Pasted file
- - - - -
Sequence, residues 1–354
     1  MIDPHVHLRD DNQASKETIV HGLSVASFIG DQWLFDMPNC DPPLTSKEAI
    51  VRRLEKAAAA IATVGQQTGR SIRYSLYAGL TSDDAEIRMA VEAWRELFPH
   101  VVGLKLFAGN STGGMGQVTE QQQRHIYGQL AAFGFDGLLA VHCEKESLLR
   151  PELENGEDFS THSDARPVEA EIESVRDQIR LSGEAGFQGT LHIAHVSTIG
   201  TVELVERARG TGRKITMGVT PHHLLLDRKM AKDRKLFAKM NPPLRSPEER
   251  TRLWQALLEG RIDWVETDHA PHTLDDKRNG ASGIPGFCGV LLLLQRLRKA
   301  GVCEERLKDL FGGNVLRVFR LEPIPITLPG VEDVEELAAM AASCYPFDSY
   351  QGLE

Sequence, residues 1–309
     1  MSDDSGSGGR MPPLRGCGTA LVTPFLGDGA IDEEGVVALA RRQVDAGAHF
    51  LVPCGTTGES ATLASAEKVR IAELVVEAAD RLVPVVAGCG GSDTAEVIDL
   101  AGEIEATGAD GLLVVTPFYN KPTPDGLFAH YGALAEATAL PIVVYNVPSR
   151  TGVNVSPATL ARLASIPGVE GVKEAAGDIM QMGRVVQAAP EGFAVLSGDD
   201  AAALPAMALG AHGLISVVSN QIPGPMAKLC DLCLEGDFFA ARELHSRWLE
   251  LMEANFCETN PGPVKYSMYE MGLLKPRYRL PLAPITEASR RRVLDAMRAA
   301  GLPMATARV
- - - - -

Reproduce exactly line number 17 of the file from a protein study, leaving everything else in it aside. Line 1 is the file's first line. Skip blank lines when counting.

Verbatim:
   301  GLPMATARV